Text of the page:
Last year, some of Price’s allies said they believed the allegations against him should have been handled by the Ethics Commission, not the district attorney’s office.

L.A. City Councilmember Curren Price was charged with embezzlement, perjury and conflict of interest on Tuesday, according to the Los Angeles County district attorney’s office.

June 13, 2023

Price has repeatedly declared his innocence. His lawyer has said that prosecutors failed to show that the developers’ payments to his wife’s consulting company had any influence on his votes on those projects. The votes cast by Price were routine and noncontroversial, on proposals that passed by large majorities, according to Price’s lawyer, Michael Schafler.


A judge rejected Price’s bid to have the case thrown out earlier this year. A trial date has not been set.

Last month, a former aide to Price filed a civil claim against the city alleging the council member’s staff harassed her on the belief that she was a “snitch” and had cooperated with the district attorney’s investigation. The woman, Hawthorne City Councilmember Angie Reyes English, said she suffered retaliation at work and ultimately was fired in January, according to the suit.

Her attorney, Greg Smith, told The Times that Price’s office had the false opinion that Reyes English was a whistleblower who went to the district attorney.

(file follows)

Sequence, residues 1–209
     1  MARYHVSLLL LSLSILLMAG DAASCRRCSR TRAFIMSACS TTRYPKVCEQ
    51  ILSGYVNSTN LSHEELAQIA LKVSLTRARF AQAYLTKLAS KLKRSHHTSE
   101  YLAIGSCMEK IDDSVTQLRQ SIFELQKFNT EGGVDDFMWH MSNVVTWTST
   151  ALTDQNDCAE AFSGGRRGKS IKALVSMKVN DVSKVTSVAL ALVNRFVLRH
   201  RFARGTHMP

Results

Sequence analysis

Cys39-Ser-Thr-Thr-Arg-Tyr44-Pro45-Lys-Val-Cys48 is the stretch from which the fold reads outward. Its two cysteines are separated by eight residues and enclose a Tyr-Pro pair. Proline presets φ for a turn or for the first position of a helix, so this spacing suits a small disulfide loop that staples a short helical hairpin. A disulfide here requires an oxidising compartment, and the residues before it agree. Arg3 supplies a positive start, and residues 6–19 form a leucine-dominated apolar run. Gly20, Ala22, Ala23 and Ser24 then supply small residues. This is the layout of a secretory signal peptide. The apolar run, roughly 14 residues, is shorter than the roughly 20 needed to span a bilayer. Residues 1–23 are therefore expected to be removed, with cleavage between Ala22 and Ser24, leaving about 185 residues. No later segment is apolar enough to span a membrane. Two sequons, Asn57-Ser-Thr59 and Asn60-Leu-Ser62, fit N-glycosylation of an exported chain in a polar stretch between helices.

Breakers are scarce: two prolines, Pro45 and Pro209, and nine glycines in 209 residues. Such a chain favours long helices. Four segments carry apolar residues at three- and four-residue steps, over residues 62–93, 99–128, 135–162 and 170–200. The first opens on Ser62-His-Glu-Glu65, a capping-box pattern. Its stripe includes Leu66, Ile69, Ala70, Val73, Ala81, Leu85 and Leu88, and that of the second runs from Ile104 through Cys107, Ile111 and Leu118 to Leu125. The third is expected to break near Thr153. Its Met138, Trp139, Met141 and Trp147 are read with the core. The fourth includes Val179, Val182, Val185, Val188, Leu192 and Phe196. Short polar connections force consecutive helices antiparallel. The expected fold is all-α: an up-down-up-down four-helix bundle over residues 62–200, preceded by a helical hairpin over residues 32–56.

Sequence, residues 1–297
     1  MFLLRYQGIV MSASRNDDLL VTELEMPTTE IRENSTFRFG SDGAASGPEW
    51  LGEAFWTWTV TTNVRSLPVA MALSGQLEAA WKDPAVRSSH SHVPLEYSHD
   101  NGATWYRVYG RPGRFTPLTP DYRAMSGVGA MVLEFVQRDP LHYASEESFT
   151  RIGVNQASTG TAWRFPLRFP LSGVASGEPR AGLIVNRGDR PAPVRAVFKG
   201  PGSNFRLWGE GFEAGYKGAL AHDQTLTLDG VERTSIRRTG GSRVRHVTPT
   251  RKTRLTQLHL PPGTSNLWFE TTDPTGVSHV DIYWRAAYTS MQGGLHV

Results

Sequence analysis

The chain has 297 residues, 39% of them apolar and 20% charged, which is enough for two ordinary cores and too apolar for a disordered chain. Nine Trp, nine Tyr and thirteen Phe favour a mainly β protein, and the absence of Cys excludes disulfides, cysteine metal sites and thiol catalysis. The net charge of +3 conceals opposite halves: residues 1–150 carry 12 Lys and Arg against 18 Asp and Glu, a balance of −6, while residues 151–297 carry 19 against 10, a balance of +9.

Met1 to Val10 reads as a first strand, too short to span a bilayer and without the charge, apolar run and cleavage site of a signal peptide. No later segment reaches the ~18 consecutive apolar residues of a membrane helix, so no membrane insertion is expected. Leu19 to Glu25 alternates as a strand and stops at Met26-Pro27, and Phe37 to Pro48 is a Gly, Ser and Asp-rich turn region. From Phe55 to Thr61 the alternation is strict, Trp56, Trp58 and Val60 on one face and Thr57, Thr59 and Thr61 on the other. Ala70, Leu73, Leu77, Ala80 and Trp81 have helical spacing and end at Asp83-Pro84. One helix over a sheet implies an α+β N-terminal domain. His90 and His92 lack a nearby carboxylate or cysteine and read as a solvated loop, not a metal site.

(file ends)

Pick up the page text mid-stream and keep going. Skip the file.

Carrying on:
A spokeswoman for Price has denied Reyes English’s allegations.

At a court hearing earlier this month, Higgins expressed concern that Price and his allies might be improperly interacting with witnesses in the case. Higgins said he had received information that Richardson Price “hired lawyers for witnesses,” including one person who is now refusing to speak with prosecutors.

“That raises some concerns for us ... they shouldn’t be talking to any potential witnesses except for an attorney of record,” Higgins said.

Richardson Price didn’t respond to requests for comment.

Schafler, the attorney for Price, denied “the suggestion of any impropriety relating to any witnesses in this case.” He declined to say if Richardson Price had actually retained counsel for any potential witnesses.


Price is one of several city council members to face criminal charges in recent years. In 2020, former Councilmember Mitchell Englander pleaded guilty to providing false information to federal investigators. He served a short stint in prison.

Former Councilmember Jose Huizar was recently sentenced to 13 years in prison after pleading guilty to racketeering and tax evasion charges. Meanwhile, a jury convicted former Councilmember Mark Ridley-Thomas of bribery, conspiracy and mail fraud charges last year. He has appealed the verdict.

The Ethics Commission has a separate case against Councilmember John Lee, who has been accused of violating laws regulating the acceptance of gifts and the reporting of those gifts. Lee has been fighting that case, which could result in financial penalties.

Voters in his northwest San Fernando Valley district reelected Lee to another four-year term earlier this month.

Price is due back in court in late April, when the Los Angeles city attorney’s office is expected to try to quash a subpoena from prosecutors seeking communications between the city attorney’s office and Price. The city attorney’s office has argued the materials are protected by attorney-client privilege.